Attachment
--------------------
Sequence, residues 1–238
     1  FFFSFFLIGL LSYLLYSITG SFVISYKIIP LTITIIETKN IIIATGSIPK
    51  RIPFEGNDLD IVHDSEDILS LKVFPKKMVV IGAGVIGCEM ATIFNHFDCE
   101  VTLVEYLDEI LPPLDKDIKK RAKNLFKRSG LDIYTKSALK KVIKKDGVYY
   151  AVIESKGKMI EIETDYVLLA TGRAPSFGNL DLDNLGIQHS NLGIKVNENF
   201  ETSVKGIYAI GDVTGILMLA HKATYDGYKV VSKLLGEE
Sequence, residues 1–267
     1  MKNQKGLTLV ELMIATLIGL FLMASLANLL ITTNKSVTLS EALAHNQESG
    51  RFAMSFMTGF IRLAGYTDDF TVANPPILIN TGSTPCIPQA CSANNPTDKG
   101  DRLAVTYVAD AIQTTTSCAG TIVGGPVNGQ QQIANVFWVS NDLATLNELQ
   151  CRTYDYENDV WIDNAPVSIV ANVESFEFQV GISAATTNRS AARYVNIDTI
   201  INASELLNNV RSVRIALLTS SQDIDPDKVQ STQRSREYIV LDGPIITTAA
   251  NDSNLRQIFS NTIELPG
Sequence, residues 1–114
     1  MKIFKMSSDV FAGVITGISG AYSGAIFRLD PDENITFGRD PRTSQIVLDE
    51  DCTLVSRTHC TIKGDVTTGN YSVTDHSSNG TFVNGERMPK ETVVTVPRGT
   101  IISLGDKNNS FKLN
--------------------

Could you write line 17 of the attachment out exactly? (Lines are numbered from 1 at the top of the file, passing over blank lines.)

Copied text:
   101  IISLGDKNNS FKLN